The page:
A former Gulf Coast High School band director who touted his closeness to students is almost certain to go to prison for his intimacy with one in particular.
A Collier County jury on Thursday convicted Robert Hamberg, 53, of eight counts of lewd and lascivious battery for his sexual relationship with a 15-year-old student. The verdict sheet virtually guarantees he will do time in a state prison.
Each of the second-degree felony counts carries a maximum 15 years incarceration.
Hamberg released a sigh as the verdict on each count was read aloud, and he showed little emotion as deputies escorted him to a holding cell. His wife, Dianne Hamberg, wept as her husband handed over his personal belongings. Neither the victim nor her parents were in the courtroom.
Hamberg is to be sentenced May 19, following a pre-sentence investigation by the Department of Corrections. He will be held at the Naples Jail Center pending his sentencing.
Prosecutors lauded the verdict outside the courtroom, calling jurors courageous for believing a victim, now 17, whom the defense repeatedly contended was lying.
“I feel so happy that she was believed by six people who heard all the evidence in this case,” Assistant State Attorney Mara Marzano told reporters. Assistant State Attorney Steve Maresca prosecuted the case with Marzano.
Defense attorney Jerry Berry declined comment, saying only that he was “disappointed” in the outcome.
The judgment came 7 1/2 hours after a panel of three men and three women began deliberating the case. It came roughly 20 minutes after they returned to the jury room from hearing a two-hour recording of the accuser’s testimony _ testimony they first heard in person on Tuesday.
Jurors said they knew what they wanted to hear in the testimony, and they asked Collier Circuit Judge Fred Hardt to stop the recording about half-way through Berry’s cross-examination. Earlier, jurors asked for a specific definition of several terms used in the charging document, including “penetration.”
The decision concludes a four-day trial marked by graphic testimony and several twists. Hamberg was accused of multiple sexual encounters with the victim between February and May 2009, including acts in the school, in his car and at his home. Collier County deputies arrested him in May 2009, and he resigned from the school a month later.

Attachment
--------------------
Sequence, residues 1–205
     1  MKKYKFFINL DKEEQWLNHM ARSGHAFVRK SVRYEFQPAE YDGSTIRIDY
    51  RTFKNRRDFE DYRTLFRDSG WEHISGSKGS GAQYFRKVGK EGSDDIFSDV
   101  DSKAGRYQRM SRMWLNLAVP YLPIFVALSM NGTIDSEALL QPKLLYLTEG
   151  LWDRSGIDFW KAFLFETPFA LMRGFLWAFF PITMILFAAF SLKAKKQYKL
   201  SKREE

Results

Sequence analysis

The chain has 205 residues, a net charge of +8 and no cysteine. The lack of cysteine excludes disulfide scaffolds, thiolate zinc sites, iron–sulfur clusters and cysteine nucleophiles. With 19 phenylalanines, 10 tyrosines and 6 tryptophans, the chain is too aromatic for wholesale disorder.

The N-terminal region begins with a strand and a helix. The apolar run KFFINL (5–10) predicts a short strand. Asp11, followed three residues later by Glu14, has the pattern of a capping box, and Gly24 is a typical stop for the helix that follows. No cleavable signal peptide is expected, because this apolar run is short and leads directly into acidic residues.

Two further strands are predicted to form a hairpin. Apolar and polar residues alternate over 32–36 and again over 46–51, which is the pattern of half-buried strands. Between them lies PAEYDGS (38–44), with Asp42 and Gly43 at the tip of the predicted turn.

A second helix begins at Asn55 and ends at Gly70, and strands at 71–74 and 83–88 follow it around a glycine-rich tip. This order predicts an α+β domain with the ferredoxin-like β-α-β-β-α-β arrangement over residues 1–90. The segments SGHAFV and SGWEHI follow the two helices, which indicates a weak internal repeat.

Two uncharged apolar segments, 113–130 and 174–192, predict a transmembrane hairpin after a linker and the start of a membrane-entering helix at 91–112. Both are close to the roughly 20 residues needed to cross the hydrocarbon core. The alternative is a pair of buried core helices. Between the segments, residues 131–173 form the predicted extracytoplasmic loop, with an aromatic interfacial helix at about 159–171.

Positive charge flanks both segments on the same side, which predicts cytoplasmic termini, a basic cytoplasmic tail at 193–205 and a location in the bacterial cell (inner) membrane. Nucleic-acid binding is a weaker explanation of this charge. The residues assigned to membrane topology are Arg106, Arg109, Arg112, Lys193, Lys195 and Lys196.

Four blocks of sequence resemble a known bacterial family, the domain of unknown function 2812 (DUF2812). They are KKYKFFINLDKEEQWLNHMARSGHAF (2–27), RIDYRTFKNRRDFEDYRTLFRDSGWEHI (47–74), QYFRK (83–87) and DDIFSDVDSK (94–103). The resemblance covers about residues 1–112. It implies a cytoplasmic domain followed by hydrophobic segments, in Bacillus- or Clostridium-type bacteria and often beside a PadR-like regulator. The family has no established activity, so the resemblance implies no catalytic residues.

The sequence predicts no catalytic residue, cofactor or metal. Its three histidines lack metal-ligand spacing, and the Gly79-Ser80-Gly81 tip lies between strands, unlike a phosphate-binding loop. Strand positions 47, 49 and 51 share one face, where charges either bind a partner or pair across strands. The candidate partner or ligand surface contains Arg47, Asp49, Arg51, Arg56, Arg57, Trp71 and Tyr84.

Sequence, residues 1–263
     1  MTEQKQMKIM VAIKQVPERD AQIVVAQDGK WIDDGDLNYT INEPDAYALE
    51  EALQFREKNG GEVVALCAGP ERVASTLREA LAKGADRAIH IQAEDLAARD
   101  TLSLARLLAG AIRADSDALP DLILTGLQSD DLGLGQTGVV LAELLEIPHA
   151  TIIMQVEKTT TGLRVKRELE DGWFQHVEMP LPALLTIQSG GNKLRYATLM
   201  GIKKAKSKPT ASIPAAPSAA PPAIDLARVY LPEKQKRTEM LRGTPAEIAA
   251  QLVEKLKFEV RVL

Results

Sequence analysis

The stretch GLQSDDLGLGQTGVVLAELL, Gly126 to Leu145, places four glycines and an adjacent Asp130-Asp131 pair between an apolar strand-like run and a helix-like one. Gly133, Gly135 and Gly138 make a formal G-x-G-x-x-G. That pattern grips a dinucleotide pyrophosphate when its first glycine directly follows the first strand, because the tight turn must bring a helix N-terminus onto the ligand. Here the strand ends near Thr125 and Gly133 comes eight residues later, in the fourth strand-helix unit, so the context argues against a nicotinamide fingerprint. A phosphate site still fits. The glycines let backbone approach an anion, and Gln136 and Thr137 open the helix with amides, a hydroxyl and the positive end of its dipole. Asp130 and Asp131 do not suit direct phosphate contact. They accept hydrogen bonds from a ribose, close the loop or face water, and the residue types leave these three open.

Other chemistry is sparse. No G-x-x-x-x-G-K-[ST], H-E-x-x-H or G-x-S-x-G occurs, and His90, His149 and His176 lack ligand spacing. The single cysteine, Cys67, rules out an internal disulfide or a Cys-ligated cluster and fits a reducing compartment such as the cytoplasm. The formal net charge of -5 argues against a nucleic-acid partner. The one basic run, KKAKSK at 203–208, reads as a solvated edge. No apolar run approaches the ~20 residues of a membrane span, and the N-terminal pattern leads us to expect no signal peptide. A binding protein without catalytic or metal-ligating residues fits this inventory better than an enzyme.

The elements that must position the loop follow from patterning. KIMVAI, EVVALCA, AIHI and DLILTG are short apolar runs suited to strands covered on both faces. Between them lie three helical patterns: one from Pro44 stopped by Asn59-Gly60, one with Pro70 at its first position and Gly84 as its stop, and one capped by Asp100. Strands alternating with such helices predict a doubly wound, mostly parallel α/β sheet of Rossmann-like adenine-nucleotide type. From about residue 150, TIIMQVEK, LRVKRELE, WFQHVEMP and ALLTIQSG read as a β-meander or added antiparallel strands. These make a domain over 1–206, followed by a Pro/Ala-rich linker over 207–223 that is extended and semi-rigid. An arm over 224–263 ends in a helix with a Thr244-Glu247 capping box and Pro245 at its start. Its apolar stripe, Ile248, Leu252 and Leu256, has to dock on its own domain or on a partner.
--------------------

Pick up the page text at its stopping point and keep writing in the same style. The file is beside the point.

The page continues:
Among the most surprising turns in the case was the testimony of Hamberg’s ex-wife, Jacqueline Rush, whom prosecutors flew from her home in Nebraska to answer two questions Thursday about Hamberg’s ability to use his tongue.
In a morning appearance, Rush contradicted Hamberg’s assertion he was medically “tongue-tied,” telling jurors her ex-husband used his tongue for both kissing and oral sex while the two were married. The distinction was significant, as one of the counts against the former band director alleged he performed oral sex on the victim.
Among the most damning pieces of circumstantial evidence were records of more than 9 1/2 hours of phone and text message conversations between Hamberg and the accuser. In closing arguments, prosecutors told jurors that Hamberg cultivated the accuser’s “school-girl” crush.
“The man who should have protected her took advantage of her teenage emotions,” Marzano said in her closing statement.
Hamberg testified on Wednesday that he was closer than most teachers to his students and wanted to help them with their personal problems.
“She just wanted to talk and I’m that kind of a teacher,” Hamberg said during testimony.
He also said he was naive about perceptions that come with a middle-aged man spending time alone with a 15-year-old girl.
But prosecutors used that claim to dredge up Hamberg’s past, in particular his resignation as band director at a Georgia high school. Hamberg left the school after questions were raised about his relationship with a student, Dianne Hancock. The pair married when Hancock graduated and turned 18.
The testimony may have damaged Hamberg’s credibility in a trial that Berry characterized from the beginning as “he said, she said.”
Berry never offered jurors a reason why the girl would invent the stories, beyond a claim she fed investigators and school administrators lies when they asked her about the rumors. Instead, the attorney worked to poke holes in the state’s arguments, referencing testimony from Hamberg and his wife.
He also questioned why a grown man would risk his freedom and career by being involved with a student.
“You have to believe that a 15-year-old teenager would be romantically and sexually interested in a 51-year-old man,” Berry said in his closing statement.
Thursday, six jurors indicated they believed just that.